How do animals see the world? Humans see the world in a way, but that doesnt
mean animals see it the same way. Each species sees the world in a different
way. Some see it in black and white, while others
sense different kinds of light and colors that humans have never seen. Each animal’s vision is appropriate for
the environment and survival needs of their species. In today’s video, we are gonna learn about
the vision of some animals that live in our planet. Let’s start with dogs. Even tho it’s usually thought that they
see in black and white, recent studies have proven this to be wrong. They can distinguish blues, reds, yellows
and browns. They have a dichromatic (daicromátic) vision
they build with only two colors. Dog’s eyes only have two kinds of visual
recipients, so they cant reproduce the whole range of hues humans have. They can distinguish red blues and green blues,
but they have difficulty distinguishing between greens and reds. Their eyes are different from ours, and this
has an influence upon their visual field, their depth perception, their visual acuity
and their movement perception. Dogs vision is different from that of humans,
more specialized and adapted to low luminosity. Let’s continue with one of our favorite
animals: cats. We know you like them too, thanks for sending
so many pictures of your feline pets, they are all adorable! Kitties can distinguish some colors, but they
dont care about it a whole lot; for them, what’s most important is focusing on the
movement of their preys. In broad terms, their vision is pretty similar
to that of dogs. Their visual acuity is lower than it is in
humans, they cant see very well up close nor during the day. It all changes when the night comes. They have a complicated eye tissue that reflects
light after having absorbed a great amount of i and before it gets to the rétina, which
gives them a sharper vision in the darkness and makes their eyes glow when it’s dark. With their nictitating membrane, or third
eyelid, they protect their eyes from foreign bodies. Birds have a high visual acuity that allows
them to fly safely, escape from prédators and sight their food from afar. It depends on the kind of bird, but usually,
their eyes are big compared to the size of their head. They have 4 different types of photoreceptive
cells int heir rétina, they are tetrachromatic, which provides them with a better perception
of colors. Also, together they have the shape of a mosaic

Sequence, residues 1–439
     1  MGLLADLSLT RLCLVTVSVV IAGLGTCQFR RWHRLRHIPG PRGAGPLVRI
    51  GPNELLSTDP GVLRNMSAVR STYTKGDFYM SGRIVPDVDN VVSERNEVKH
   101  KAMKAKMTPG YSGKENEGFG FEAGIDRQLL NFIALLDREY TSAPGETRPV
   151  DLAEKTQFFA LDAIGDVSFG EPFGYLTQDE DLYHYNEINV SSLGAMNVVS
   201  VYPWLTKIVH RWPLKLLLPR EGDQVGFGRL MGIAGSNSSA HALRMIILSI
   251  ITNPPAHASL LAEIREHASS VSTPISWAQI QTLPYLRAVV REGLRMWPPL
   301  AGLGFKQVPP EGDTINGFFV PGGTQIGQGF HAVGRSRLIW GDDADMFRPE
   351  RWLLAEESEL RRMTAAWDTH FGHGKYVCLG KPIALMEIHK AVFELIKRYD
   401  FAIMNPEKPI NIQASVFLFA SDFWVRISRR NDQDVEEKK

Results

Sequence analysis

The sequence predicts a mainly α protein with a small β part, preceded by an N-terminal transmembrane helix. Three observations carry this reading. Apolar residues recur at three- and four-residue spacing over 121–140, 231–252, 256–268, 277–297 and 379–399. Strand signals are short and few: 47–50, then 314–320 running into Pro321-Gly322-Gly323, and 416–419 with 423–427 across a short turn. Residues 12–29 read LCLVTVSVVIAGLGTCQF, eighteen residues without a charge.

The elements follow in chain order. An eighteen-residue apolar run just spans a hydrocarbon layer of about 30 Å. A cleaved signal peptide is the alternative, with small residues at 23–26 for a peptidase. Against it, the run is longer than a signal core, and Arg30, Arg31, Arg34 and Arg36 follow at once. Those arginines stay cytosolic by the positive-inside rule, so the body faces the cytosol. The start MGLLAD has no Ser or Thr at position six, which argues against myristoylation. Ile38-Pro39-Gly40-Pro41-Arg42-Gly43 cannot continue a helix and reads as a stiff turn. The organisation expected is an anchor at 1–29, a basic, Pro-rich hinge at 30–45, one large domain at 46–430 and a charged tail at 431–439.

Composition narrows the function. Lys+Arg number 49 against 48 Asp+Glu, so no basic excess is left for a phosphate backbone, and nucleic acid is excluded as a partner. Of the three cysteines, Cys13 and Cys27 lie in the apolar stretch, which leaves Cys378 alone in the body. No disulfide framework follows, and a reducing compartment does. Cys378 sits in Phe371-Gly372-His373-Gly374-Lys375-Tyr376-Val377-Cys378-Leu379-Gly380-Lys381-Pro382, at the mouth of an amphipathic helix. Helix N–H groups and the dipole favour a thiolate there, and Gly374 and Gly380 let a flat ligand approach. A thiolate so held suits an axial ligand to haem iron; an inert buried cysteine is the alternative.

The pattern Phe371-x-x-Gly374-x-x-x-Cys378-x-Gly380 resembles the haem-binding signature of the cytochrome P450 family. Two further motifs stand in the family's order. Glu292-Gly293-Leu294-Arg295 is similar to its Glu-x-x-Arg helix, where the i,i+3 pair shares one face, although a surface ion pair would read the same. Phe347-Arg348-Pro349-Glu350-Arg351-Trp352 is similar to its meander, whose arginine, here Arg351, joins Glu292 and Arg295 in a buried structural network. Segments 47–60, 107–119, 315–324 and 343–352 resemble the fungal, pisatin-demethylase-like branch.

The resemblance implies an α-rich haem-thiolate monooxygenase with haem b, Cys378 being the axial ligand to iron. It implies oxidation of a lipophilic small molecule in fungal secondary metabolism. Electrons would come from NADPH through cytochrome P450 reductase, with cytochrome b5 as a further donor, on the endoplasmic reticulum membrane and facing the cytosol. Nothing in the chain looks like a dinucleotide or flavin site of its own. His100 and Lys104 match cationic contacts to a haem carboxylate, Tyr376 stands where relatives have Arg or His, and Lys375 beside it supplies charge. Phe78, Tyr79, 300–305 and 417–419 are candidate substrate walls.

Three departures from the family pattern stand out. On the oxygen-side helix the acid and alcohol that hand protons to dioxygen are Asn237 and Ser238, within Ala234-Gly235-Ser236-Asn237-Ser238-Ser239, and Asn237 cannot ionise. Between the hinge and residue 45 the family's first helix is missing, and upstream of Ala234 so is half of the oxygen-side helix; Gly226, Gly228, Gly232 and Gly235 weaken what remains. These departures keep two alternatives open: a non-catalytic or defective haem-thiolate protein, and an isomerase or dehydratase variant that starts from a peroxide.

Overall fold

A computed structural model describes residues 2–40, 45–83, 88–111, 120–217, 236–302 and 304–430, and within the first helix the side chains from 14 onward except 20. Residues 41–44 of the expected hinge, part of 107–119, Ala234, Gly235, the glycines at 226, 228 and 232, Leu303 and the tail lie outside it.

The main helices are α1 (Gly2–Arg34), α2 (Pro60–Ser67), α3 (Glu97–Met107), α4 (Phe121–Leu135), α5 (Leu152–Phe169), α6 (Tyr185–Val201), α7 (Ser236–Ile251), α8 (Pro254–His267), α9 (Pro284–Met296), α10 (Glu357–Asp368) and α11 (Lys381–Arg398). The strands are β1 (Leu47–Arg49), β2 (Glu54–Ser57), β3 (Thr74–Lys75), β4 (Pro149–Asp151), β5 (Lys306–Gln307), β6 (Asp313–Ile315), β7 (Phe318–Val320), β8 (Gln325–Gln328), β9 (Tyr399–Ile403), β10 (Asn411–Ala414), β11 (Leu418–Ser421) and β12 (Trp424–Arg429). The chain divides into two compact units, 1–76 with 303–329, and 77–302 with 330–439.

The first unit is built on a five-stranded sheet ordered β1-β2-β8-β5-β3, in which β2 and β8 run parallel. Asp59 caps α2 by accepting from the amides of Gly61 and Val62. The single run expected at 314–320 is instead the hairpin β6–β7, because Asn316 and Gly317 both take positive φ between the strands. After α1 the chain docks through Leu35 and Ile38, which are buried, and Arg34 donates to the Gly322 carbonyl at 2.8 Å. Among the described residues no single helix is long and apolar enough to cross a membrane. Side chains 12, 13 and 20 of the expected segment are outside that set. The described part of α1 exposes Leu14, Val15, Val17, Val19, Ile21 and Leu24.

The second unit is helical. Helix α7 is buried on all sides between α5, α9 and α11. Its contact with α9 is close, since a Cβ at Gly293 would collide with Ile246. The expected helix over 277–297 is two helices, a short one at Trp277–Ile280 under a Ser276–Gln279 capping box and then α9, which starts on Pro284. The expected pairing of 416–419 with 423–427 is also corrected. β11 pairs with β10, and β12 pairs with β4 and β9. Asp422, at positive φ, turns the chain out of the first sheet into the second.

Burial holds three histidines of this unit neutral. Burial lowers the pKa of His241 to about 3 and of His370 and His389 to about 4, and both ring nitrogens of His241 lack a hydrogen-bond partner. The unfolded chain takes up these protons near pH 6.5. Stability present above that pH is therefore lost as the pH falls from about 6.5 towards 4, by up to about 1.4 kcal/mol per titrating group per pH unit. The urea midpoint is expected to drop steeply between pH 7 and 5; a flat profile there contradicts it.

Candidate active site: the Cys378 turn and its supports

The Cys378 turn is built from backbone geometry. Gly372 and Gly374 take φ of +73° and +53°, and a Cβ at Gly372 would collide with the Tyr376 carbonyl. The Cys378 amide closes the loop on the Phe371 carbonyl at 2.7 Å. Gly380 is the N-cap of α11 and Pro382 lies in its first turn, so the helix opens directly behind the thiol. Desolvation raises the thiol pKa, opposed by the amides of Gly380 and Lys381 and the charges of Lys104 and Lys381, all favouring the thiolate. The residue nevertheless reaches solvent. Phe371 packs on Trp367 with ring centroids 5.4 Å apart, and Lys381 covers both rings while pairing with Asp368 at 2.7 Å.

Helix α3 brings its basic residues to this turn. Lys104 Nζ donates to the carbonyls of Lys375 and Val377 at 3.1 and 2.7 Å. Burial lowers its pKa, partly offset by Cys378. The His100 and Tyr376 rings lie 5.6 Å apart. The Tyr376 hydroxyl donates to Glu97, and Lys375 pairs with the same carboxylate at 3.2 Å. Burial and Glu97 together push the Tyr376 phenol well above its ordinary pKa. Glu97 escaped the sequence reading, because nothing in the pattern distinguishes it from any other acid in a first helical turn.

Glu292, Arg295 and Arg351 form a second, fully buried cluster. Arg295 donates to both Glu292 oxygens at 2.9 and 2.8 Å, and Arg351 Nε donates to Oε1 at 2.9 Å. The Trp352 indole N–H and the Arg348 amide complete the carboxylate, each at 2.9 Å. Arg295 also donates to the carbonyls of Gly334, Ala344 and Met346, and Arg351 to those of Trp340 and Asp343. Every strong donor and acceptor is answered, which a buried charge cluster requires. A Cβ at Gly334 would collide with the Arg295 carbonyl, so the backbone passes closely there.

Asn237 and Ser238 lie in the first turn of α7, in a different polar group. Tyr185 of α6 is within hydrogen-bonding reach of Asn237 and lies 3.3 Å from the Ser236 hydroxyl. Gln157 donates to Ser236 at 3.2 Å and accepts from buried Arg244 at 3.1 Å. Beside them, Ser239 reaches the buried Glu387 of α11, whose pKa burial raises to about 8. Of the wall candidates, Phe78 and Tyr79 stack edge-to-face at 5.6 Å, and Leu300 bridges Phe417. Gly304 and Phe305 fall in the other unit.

(móusec), which allows them to sense colors in any part of their rétina. They can even sense colors of the non visible
spectrum, they can see ultraviolet rays, invisible to our eyes. This allows them to see traces of urine left
by their preys. They can also sense slow movements, they can
see how the sun moves in the sky, something very useful for migratory (máigratori) birds
when they travel. Rats and mice’s vision is quite limited,
their sense of smell and touch are more important for rodents. Just as most mammals, they have a dichromatic
(daicromátic) vision. Their blue cones have a wavelength shorter
than that of humans; therefore, contrary to us, they can see ultraviolet light. Also, since their eyes are located on the
sides of their head, they have a really wide range of vision, and they can move each eye
independently from the other. Snakes sense the world in a totally different
way than us. Tho, in broad terms, their vision is not very
different to that of any other vertebrate, except for a couple of extraordinary details. First, instead of eyelids they have ocular
scales that they renew along with their skin. Some snakes have infrared receptors in pits
between their nostrils and their eye, and with them they can “see” the heat given
off by other animals. With their thermal vision, there is no prey
that goes unseen. In broad terms, fish usually have a great
visual field and a great peripheral vision, sinc their eyes are located on both sides
of their head, – they can see pretty much anything around them. Their perception of colors varies a lot, tho
it is not particularly good. Most of them are adapted to see any color
other than blue, main color on the bottom of the sea. Lots of them also have a great night vision,
with special adaptations or ultraviolet light reception. Flies and many other insects have an extraordinary
eyesight, characterized by a compound eye, which consists of a lot of small and simple
eyes that, combined, create a fragménted image. They sense an image that seems to be in slow
motion with a low rate of frames per second. This is why we usually find it difficult to
catch them. They can also sense the ultraviolet range,
which is essential for their everyday life. What’s your favorite animal? Leave a comment and let us know!


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